Trippi’s advocacy worsens as he maintains “angry, bitter candidates on either side will be seen as adding to the chaos and fighting in Washington and are not going to do as well in many of these states and districts.”
Some kind of bubble around Trippi prevents him from grasping the fierce urgency of the situation. The Trump administration is actively dismantling any and all environmental regulations and reversing even minimal efforts to combat climate change. It is rapidly escalating attacks on immigrants and rounding them up for detention in revamped detention facilities or deporting them back to countries, where they face great risk. It is bailing out the richest and most wealthiest corporations with tax cuts to run up deficits and turn around justify slashing the social safety net. It is dismantling health care programs and imposing harsh work requirements if citizens want benefits. It is privatizing an increasing amount of the federal government to benefit the ventures of the wealthiest people most connected to the Trump White House.
Nevertheless, Trippi insists Democratic candidates not act angry or bitter.
It is true Democrats should refrain from bashing voters who may support Republicans. Calling them “deplorables” or any other name will affect the ability to win over people who could benefit greatly from progressive, or even socialist, policies. Yet, that does not mean one should hold back any opposition to Trump.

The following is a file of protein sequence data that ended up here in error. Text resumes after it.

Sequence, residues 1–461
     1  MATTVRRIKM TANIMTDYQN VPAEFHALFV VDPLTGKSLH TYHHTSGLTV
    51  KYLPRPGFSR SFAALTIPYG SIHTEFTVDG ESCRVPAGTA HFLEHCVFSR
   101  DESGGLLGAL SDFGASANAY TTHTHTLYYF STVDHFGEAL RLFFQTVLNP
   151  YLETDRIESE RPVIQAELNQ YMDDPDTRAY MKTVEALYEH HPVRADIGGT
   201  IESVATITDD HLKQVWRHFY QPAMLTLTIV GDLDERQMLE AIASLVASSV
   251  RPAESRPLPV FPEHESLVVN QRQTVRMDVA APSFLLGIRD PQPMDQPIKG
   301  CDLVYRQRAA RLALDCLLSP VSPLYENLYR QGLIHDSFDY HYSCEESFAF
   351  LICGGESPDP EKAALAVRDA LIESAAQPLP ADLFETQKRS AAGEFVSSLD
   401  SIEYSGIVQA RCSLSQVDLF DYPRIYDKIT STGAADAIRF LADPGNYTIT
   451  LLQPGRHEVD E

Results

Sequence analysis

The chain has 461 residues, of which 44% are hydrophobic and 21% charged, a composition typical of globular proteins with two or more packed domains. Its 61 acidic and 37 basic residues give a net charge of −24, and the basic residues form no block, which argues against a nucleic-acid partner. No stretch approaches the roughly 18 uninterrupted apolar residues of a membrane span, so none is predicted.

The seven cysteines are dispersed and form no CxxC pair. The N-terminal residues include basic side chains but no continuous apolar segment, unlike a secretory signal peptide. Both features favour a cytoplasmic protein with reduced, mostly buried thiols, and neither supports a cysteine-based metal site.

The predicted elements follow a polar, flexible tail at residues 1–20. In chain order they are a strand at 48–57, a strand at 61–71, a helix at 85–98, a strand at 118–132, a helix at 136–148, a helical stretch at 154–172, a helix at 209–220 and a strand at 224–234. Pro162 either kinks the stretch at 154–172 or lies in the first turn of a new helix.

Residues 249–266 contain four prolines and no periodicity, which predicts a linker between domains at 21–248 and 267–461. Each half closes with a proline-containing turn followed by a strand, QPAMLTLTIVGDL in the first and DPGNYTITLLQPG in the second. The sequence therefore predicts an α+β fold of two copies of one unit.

Patrick suggests, “All Americans understand that intentionally hurting innocents is not consistent with American values or character. If we let this issue or others affecting marginalized and vulnerable people to be ‘racialized,’ we’re missing the point that the character of the country is what is at stake in our politics right now.”
But do Americans really grasp that it is wrong to intentionally hurt innocent people? Do they really recognize the impact of racism? After all, Trump gained a lot of momentum in 2015 and 2016 and ultimately won. His campaign was a campaign built on nationalistic hatred for all who are not of the vanilla variety.
The only way to challenge that is to be strident and expose the nature of what Trump is doing. Do not engage in arguments over the merits of his disdain for black or brown people. Rather, show what the effect is on targeted communities. Tell the stories of people whose lives are destroyed and build empathy for them.
Democrats may think the secret to winning in November is ending the chaos, but when a white nationalist president wreaks havoc for more than a year and destabilizes everything, the following election cycle should be chaotic. There should be hundreds, if not thousands, of candidates clamoring to reverse the destruction.
Of course, the Democratic Party establishment cannot have that because it would pose a threat to their authority and influence so its affluent members turn to the Times for help in preserving their status.
Top Photo | President Donald Trump steps off Air Force One after arriving at Zurich International Airport for the World Economic Forum, Jan. 25, 2018, in Zurich, Switzerland. (AP/Evan Vucci)